madebyraffiMade by Raffi is the story of a little shy boy who doesn’t like noisy games and is often teased at school. But when he gets the idea of making a scarf for his dad’s birthday he is full of enthusiasm, even though the other children think it is girly to knit. Then the day draws near for the school play, and Raffi offers to make a costume for the prince. On the day of the play, Raffi’s cape is the star of the show.

The story in the book, like of any good book, goes beyond the simple surface and teaches children from an early age to respect others, even if their interests and personality is different than theirs.

Emma, at 5, absolutely loved the story and deciphered the message very well. In her own simple words, it is cool to be yourself, even if than means knitting a scarf for your dad’s birthday!

As an educator, I see the potential of the book as an excellent conversation opener on big issues like school bullying, homophobia and respectful awe of each and every one’s unique personality and gifts.

The book retails on from £2.45 plus postage and would be an excellent tool for both parents and educators alike.

Disclaimer: we were sent the products mentioned above for review. We were not paid to write the product reviews and the opinions expressed are entirely our own.

A weekend in county Fermanagh

Georgie’s death taught us many things about life, about ourselves, about each other.

One thing we are adamant about now is making each moment count. Seeing Georgie getting so ill, so quickly and passing away a short two and a half months after diagnosis made us understand that life needs lived to the maximum each day, as there are no guarantees for the future.

As I wrote in my previous post, the Children’s Hospice has been instrumental in us wrapping our minds around the reality of now.

We have been adamant and intent in our determination to enjoy our lives and the country we live in and have made it into a goal to visit new places every time we can afford it financially and emotionally.

So far this year, we have travelled to Bray, county Wicklow, we have driven to France and seen a bit of Normandy, Brittany and Provence, and we have enjoyed Armagh and Lisburn (more on its beautiful eateries and local crafted beer soon, in a different post).

This weekend, Alex, our self-appointed but very able travel guide, decided it was high time we enjoyed a spot of county Fermanagh, known as the Irish Lake District.


                                    Image source: Golfer’s Gate Lodge, Fermanagh.

We started our adventure with a wonderfully presented brunch in a star-studded, award-winning eatery in Enniskillen.

11202640_1439628172999687_890454401_nThe Jolly Sandwich Bar is highly rated on TripAdvisor and known to be popular with celebrities finding themselves in the area. And, most importantly, it makes some gorgeous sandwiches and scones too!

11189346_1414312478889402_301918097_nWhile Emma and I stayed behind and spied for important characters enjoyed our gorgeous grub, Alex stepped next door and had a pampering haircut in one of the most unusual barber shops around, carefully redecorated to resemble a vintage train station!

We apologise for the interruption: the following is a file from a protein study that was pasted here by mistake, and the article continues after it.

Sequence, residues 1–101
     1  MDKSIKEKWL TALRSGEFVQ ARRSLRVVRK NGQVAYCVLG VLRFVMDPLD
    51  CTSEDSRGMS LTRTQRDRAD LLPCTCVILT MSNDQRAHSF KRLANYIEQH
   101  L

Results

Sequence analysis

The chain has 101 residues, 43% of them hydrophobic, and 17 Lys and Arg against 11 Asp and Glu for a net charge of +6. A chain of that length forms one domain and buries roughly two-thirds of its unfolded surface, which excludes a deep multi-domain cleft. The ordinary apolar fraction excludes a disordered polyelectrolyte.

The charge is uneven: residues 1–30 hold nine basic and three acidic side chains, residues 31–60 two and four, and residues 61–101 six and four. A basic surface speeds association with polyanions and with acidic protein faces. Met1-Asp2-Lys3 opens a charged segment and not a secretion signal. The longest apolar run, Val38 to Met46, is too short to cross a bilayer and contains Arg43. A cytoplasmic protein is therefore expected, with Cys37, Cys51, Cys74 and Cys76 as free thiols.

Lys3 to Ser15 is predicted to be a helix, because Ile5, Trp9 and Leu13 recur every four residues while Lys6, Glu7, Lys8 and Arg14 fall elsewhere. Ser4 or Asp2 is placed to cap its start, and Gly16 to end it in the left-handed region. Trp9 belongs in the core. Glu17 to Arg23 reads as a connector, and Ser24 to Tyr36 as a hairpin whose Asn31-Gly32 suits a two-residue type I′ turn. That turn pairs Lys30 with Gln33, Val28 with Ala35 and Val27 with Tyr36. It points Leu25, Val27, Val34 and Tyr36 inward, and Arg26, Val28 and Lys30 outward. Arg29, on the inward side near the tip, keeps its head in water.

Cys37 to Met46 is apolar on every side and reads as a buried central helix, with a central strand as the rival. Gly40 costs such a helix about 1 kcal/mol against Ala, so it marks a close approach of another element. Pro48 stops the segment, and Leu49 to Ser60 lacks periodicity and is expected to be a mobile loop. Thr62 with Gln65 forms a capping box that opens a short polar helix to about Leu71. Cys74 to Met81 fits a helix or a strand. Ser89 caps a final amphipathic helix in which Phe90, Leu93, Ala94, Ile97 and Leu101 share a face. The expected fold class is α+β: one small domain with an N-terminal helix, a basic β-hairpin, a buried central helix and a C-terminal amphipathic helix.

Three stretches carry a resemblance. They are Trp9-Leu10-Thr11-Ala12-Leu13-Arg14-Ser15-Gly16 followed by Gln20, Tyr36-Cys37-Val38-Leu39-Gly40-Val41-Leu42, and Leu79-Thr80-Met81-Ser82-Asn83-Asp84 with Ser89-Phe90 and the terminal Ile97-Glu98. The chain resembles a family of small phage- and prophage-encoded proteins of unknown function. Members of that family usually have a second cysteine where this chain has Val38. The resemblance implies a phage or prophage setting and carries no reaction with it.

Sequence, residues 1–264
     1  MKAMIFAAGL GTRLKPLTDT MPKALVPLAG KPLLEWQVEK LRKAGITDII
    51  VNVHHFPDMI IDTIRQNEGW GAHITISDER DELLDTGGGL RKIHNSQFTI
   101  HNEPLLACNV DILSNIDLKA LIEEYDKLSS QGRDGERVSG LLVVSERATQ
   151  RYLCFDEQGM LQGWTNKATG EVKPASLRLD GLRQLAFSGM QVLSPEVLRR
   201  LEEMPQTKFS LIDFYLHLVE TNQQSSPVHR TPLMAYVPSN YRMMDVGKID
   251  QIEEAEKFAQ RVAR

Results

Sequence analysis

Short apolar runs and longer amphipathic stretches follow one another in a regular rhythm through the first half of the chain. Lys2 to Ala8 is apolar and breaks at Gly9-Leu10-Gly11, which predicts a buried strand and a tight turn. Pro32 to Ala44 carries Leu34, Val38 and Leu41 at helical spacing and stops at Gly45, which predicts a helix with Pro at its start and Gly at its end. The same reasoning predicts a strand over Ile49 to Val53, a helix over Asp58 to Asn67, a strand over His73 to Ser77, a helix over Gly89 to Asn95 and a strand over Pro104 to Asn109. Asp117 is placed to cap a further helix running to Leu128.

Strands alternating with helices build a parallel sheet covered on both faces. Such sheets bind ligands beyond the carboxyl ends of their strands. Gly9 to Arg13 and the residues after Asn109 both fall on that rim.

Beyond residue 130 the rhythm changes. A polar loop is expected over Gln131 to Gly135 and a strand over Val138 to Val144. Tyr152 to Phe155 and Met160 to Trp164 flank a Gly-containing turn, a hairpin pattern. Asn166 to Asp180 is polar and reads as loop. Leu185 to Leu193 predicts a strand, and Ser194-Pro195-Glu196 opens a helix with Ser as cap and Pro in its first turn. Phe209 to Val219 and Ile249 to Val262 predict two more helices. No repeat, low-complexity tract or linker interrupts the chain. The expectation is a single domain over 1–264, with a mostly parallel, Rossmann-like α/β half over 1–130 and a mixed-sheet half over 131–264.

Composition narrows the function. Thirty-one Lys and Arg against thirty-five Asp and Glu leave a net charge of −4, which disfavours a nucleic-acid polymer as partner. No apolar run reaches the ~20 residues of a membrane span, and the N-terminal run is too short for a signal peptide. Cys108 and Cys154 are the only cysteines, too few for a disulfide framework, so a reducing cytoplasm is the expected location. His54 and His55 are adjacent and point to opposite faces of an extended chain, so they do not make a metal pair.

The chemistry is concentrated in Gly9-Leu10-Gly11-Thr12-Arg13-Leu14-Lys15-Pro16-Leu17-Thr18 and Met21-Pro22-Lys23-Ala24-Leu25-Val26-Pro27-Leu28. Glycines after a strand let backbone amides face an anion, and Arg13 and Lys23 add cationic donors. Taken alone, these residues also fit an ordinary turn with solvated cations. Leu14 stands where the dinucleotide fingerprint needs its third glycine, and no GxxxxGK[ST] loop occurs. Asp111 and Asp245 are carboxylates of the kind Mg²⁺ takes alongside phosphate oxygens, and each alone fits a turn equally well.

At the Headhunters Barber Shop & Railway Museum, we found two jovial barbers, only too happy to pose for pictures and indulge our questions about their beloved place of work and souvenir collection!

11186829_627639174036853_923913651_nA place worth visiting, for sure, especially for the contagious joviality,  pleasant work atmosphere and the beautiful collection of railway antiques!

We were only getting started on our adventures, little did I know, and our afternoon was filled to the brim with rain, intriguing discoveries and exciting exploits of the local area.

First, we visited the Marble Arch Caves Global Geopark.

DSC_0101We learned that limestone, water and time can make, when mixed together, in right amounts, beautiful things, like stalactites and stalagmites. Made me think that our lives, as well, when mixed with tragedy and given time, have the potential to produce beautiful results. Even in the dark. Or maybe, thanks to the dark….

Our next stop was Florence Court House, one of the National Trust gems in Northern Ireland.


11195672_579416505534938_477716432_nEmma was impressed with the size of the house and the opulence of the furnishings but most importantly, with details about the house fire in 1955 and how the lady of the house had to run downstairs to wake the servants and raise the alarm. She was also extremely well-behaved and totally taken by the Oscar Wilde inspired play which followed , so whoever believes a five year old cannot enjoy a National Trust visit is gravely mistaken.

We ended our day in Lusty Beg, a tiny little island which can be accessed by ferry only and which features a restaurant/bar and accommodation in the form of luxurious lakeside cabins.

11176529_768215283293863_1074018417_nWe enjoyed a lovely meal before making our way back to our B&B in Kesh.


                                        Photo credit: Tudor Farm Bed&Breakfast, Kesh.